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12 June 2024

When Life is Like an Unfair Game of Monopoly


Edward Thomas Jones
Senior Lecturer in Economics
Bangor University

Imagine playing Monopoly and never being allowed to buy a property. That’s the reality of life for many people in Wales.

Homeownership has become an impossible dream for many and this has a considerable negative impact on their health and well-being.

Monopoly was one of my favourite games as a child. We used to play for hours, and a certain family member brought plenty of aggression to the game and ensured we had to play until everyone was bankrupt, bar the overall winner.

At its core, Monopoly is a simple game. Players go around the board according to the throw of a pair of dice. If a player lands on an unowned property, they have the option to buy it. However, if they land on a property owned by another player, they are required to pay rent to that player. Imagine playing Monopoly and never being able to buy a property. Imagine you just had to go around the board, collecting £200 every time you passed ‘Go’ and then having to give your money to those players that have been able to purchase properties. Unfortunately, that is how many people in Wales must live their lives.

According to the 2021 Census, there was an increase in the proportion of households that rented their accommodation in Wales, from 30.6% (399,000) in 2011 to 33.5% (451,000) in 2021. Of those that rented in 2021, 17.0% (229,000) rented their accommodation privately while 16.5% (222,000) were in the social rented sector, for example renting through a local council or housing association. For most renters, homeownership has become an impossible dream, and renting has a considerable impact on their standard of living.

There is a clear relationship between renting and poverty

The Institute of Fiscal Studies (IFS) has found that renters in the UK are considerably more likely than owner occupiers to have low living standards on a variety of measures. Private and social renters have poverty rates of 34% and 46% respectively, compared with only 12% for owner occupiers. Wales also exhibits a similar trend. Data from the Welsh Government shows that the risk of being in relative income poverty was 31% for those that rented their accommodation privately, 46% who rented from the social sector, and 13% for owner occupiers.

Housing costs are a first-order issue for poverty. According to the IFS, low-income families have become increasingly likely to be private renters and face higher costs as the stock of social housing has failed to keep up with demand. Tenants in the private sector face worse quality of homes (at least for low-income families), and rental accommodations are also more likely to have poor energy efficiency, be insecure, or be damp. A recent report published by NHS Wales outlined how renters had been hit particularly hard by the cost-of-living crisis; renters were unable to afford the high energy bills and therefore were more likely to live in cold and damp homes. Rented homes in both the private and social sector are more likely to be overcrowded and in areas of poor upkeep and appearance.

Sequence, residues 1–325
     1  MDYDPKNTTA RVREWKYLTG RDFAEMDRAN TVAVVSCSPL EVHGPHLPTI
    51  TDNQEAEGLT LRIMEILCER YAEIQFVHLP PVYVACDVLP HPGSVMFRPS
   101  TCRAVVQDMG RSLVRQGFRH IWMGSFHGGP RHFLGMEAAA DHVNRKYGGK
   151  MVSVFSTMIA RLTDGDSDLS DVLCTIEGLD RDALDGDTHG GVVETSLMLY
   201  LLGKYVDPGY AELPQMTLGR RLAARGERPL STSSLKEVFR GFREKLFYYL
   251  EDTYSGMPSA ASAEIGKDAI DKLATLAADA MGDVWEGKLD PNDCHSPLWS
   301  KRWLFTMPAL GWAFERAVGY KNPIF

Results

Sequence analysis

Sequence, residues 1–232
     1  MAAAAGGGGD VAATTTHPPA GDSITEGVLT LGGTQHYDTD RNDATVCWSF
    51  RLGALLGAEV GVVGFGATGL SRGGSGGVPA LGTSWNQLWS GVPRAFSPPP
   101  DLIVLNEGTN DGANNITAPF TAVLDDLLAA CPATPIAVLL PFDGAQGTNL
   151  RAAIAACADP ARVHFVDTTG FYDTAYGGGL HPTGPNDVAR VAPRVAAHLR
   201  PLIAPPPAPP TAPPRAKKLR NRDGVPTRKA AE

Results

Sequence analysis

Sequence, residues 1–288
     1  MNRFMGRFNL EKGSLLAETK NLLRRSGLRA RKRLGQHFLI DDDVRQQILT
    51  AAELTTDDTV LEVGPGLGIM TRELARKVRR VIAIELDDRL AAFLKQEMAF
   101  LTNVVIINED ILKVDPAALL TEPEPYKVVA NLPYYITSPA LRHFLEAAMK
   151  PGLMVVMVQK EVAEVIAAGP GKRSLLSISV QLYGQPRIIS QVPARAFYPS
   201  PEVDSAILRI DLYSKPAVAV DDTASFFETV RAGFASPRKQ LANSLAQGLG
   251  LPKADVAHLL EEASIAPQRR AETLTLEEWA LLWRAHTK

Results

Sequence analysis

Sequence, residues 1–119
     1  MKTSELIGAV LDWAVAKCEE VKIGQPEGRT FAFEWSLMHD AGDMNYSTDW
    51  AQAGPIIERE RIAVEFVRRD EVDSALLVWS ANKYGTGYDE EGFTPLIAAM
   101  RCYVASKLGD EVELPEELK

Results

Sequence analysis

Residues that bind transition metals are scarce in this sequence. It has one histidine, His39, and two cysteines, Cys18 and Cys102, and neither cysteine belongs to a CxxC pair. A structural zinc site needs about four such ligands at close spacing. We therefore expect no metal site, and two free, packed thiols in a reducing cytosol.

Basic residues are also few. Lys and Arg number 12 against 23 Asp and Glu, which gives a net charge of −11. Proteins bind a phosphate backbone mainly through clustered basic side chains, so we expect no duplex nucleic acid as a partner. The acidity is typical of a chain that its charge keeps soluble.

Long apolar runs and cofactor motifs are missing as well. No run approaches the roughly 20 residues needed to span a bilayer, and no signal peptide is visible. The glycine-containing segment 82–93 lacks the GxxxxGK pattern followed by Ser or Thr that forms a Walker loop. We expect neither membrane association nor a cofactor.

The impact of renting on a child’s well-being and development

In 2001 study, the Institute for Research on Poverty found that the asset poverty rate for homeowners is less than 10 per cent, compared with rates of over 60 per cent for renters. An individual is asset poor if their wealth is not sufficient to secure them a certain standard of living for a short period. Asset poverty is bad news for a child’s well-being and development. American researchers found that youngsters living in asset poor households suffered from an increase in problem behaviour and the negative effects were to be similar in magnitude to the familiar and substantial effects of growing up in income poverty. Researchers at University College London have found similar results; wealth matters for child development but doesn’t matter as much as an estimate of so-called ‘permanent’ (or average lifetime) income. However, unlike in the US, where researchers often found that particularly financial wealth bolsters child development, the researchers at University College London found a clear link with housing wealth in the UK. In addition, the Joseph Rowntree Foundation found a connection between anxiety and lacking assets appeared strong in the UK, and applied with comparable force irrespective of the form the assets took.

Innovative thinking is needed to change housing and people’s health

The current interest rate spike has brought a lot of pain for many homeowners and forced potential homebuyers to reconsider their ambitions. However, the high interest rates did not cause an almighty property crash and, therefore, the recent trend in renting and ownership is likely to continue. This means that a large proportion of the population is not building up any property stake during their working life and, according to the statistics, will inevitably have lower living standards.

How can we meet the demand for housing, ensuring properties do not have a negative impact on people’s well-being, and that those who want to buy are given the support and opportunity to do so? Building more homes – both social and those to be privately bought and lived in – is part of the solution, but other creative ideas are required. Is there a way to ensure long-term renters gain some portion of the equity in the property they live in or, at least, the right to purchase it on favourable terms? What can be done to encourage community-led housing, where affordable homes are owned and managed collectively by the community on a not-for-profit basis?

The evidence is clear and those looking to be elected on 4 July need to do more to make sure homeownership is achievable and that homes are suitable and do not have an adverse impact on people’s health.

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